When the San Francisco 49ers “mutually parted ways” with head coach Jim Harbaugh, it was perceived as one of the biggest mistakes of the franchise. While there were some detractors that thought Harbaugh wasn’t as good of a coach as he or others proclaimed him to be, there’s no denying he was at the very least competent.
He went to his alma mater, Michigan and took over the struggling Wolverines. Harbaugh’s hiring at Michigan was one of the most lucrative deals for a college football coach and immediately fans thought he would return the program to its glory days as a national powerhouse.
Three years later and that hasn’t exactly happened.
Harbaugh’s success began with his first head coaching job at the University of San Diego. In his first season, he took the then-lackluster Toreros to 7-4 and then back-to-back Pioneer Football League football championships. From there, he went to Stanford and built the ailing Cardinal into a football powerhouse. Four years later, he took the 49ers to three straight NFC Championship games, one which led to a controversial Super Bowl loss in the final minutes.
The 49ers team Jim Harbaugh inherited went 6-10 the year before his arrival. His first year, they finished 13-3. The stories were on how good Harbaugh was, and how much of a slam dunk hire this was for then-general manager Trent Baalke.
But there were also questions. The offensive playcalling, which was overhauled the moment Colin Kaepernick was named the starting quarterback, began to show chinks in its armor as seasons wore on. In 2012 and 2013, when the 49ers turned in a dud, there was nothing inspiring about it, though it happened rarely. Many times, the 49ers elite defense was bailing out the offense in games against more dominant teams. A majority of the picks for Harbaugh’s team were not working out as well. Most of the players starting were drafted during the Mike Singletary and Mike Nolan eras. It’s widely believed that Trent Baalke was the one making the decisions on draft day (one of the things that led to Harbaugh’s departure) and one can guess what the 49ers would look like had Harbaugh had control of the draft board instead.
Everything blew up in 2014 as the 49ers were decimated by injuries and members of the once-mighty depth they had was now a starting free-agent acquisition for another team. After going 8-8, Harbaugh was gone and the 49ers returned to being the doormat of the NFL.
Arriving at Michigan, Harbaugh took over for Brady Hoke. A coach who had a record of 31-20. The record was the result of a great first season, followed by two years hovering just over .500. Harbaugh’s first season was no different, however he failed to beat rival Michigan State, and Ohio State. The latter being labeled as a can’t-miss game now that both him and Ohio State coach Urban Meyer were in the same conference.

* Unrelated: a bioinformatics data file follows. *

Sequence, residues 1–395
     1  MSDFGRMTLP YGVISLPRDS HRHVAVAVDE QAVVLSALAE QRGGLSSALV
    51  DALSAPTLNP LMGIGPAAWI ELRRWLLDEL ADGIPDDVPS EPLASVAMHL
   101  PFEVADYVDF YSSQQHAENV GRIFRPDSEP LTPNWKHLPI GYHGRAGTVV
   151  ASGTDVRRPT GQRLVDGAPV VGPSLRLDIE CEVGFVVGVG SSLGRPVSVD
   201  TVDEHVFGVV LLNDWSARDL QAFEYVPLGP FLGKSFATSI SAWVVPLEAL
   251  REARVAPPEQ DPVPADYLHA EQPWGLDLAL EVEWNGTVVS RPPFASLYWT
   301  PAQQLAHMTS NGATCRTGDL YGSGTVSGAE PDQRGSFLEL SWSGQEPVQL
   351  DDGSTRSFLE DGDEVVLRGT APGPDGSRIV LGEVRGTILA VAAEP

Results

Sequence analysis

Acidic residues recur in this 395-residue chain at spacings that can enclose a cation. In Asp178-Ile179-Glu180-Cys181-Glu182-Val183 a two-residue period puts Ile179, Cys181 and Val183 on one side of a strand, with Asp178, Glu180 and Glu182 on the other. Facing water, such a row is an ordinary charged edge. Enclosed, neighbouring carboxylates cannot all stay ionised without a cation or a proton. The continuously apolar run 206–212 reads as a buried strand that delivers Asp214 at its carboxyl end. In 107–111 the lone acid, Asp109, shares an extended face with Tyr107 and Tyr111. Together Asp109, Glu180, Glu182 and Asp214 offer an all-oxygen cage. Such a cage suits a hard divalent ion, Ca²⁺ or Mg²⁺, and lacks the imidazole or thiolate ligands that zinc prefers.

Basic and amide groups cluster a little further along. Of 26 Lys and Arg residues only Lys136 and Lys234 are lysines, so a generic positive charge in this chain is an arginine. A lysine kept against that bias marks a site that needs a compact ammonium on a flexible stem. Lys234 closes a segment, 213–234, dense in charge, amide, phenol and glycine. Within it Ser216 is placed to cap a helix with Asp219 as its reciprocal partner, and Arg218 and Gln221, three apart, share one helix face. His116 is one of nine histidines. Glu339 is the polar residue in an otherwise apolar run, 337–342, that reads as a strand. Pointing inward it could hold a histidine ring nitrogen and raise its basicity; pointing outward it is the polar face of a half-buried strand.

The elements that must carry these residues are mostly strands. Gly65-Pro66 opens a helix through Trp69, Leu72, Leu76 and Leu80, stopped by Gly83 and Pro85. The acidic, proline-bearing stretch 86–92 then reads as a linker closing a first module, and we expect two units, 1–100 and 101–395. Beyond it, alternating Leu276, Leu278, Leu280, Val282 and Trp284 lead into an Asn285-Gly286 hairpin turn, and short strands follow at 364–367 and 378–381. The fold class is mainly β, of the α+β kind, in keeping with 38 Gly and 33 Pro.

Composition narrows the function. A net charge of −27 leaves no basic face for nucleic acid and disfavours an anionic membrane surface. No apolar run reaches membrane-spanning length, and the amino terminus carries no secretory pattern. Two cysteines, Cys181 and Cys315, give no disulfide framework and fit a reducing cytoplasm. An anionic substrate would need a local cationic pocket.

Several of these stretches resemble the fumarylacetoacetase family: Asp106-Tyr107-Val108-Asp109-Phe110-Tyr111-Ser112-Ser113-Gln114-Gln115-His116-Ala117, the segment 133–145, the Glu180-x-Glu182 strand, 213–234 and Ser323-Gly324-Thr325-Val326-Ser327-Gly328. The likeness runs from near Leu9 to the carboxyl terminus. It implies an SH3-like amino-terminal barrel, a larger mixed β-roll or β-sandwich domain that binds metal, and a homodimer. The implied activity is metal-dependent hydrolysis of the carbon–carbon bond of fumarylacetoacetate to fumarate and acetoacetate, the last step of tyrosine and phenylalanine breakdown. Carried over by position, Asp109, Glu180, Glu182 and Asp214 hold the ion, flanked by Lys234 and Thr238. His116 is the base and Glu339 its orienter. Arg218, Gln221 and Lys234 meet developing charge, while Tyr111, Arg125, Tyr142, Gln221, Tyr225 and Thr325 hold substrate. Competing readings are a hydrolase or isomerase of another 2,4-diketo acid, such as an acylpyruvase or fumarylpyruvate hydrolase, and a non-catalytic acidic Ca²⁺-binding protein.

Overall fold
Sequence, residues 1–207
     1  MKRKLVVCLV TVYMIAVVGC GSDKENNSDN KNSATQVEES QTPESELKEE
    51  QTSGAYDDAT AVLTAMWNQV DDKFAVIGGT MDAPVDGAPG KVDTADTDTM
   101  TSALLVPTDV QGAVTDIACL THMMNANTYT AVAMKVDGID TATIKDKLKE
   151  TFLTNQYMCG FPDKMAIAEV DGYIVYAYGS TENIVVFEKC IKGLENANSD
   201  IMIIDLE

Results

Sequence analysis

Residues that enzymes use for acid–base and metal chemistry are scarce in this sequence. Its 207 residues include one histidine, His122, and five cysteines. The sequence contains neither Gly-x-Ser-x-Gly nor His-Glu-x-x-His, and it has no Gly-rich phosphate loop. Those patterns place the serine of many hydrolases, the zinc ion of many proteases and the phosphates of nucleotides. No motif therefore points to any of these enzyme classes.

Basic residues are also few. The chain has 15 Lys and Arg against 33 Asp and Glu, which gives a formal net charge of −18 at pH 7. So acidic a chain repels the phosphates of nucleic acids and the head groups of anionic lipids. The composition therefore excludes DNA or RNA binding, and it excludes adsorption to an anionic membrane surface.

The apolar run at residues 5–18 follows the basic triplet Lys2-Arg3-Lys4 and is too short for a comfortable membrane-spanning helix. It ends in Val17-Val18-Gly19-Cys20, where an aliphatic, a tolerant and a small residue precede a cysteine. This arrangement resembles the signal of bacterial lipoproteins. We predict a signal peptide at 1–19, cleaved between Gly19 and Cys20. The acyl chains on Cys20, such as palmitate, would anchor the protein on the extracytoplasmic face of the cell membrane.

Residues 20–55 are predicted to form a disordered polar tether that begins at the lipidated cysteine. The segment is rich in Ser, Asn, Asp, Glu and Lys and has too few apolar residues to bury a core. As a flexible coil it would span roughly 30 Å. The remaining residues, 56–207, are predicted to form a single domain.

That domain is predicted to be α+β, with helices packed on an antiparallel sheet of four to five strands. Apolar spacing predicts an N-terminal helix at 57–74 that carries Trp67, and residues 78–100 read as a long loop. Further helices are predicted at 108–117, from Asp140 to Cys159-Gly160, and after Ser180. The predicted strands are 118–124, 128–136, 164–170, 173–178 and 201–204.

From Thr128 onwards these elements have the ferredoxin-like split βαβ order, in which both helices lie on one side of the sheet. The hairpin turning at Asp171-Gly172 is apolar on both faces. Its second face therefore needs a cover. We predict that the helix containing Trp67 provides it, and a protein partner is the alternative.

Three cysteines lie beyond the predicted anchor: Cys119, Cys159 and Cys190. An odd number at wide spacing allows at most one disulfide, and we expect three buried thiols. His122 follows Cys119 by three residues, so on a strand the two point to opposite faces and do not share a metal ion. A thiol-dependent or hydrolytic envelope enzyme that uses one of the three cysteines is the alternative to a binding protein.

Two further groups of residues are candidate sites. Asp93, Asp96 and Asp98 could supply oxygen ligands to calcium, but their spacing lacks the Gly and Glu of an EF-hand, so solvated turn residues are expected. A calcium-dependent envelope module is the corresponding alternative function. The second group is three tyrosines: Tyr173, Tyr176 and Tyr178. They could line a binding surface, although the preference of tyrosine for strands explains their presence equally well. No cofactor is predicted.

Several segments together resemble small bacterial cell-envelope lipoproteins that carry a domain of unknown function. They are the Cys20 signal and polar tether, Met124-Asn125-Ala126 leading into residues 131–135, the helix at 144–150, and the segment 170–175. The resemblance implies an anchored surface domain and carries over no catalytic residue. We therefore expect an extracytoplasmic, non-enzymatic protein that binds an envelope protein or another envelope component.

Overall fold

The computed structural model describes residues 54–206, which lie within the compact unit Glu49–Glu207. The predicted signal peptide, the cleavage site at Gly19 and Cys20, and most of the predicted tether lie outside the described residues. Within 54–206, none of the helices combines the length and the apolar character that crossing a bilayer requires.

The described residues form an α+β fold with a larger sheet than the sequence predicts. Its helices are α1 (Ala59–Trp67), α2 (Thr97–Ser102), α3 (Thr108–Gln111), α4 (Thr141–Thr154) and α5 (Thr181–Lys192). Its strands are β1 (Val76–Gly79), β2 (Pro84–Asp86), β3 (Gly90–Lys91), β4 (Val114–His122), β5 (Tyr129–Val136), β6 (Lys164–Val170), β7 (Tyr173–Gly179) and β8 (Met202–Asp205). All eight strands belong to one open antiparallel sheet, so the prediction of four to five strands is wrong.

He has yet to beat Ohio State.
It’s now 2017. Going into Saturday, the Wolverines were 5-2 and 3rd in their own conference. They are not listed on the AP’s top 25. The highest paid coach in college football has the third best team in his conference. His coaching staff makes more than Alabama, a consistent guest to the College Football Playoff. Ranked at #7, the Wolverines lost to the unranked Michigan State—in Ann Arbor and later destroyed by #2 Penn State. As of this writing, they are giving a shellacking to Rutgers and will probably go to 6-2. The Wolverines have their own injury concerns but still this is not where fans or boosters thought the program would be in Year 3. Beating Rutgers is expected, it’s also expected that Penn State won’t run up over 500 yards of total offense against a vaunted Michigan defense either.
Three years in and Harbaugh is having a hard time simply beating the elite, let alone showing he’s a part of it.
It begs the question though: was he as good 49er fans thought? There’s no denying that Harbaugh was a competent coach, but was he as good as the label? Perhaps the 8-8 final season was less on the injury bug and more on the NFL figuring Harbaugh out. The roster he had to build was waiting for him right as he stepped onto the practice field day one. Nothing like what Kyle Shanahan and John Lynch are going through in 2017.
And before we talk about the multiple NFC Championship game appearances, remember Rex Ryan took the New York Jets to two AFC Championship games in a row. His first two seasons. With Mark Sanchez as a quarterback. The only difference, his records got progressively worse and at a faster rate. If Harbaugh stayed with the 49ers, would the same have happened?
Is Harbaugh being exposed?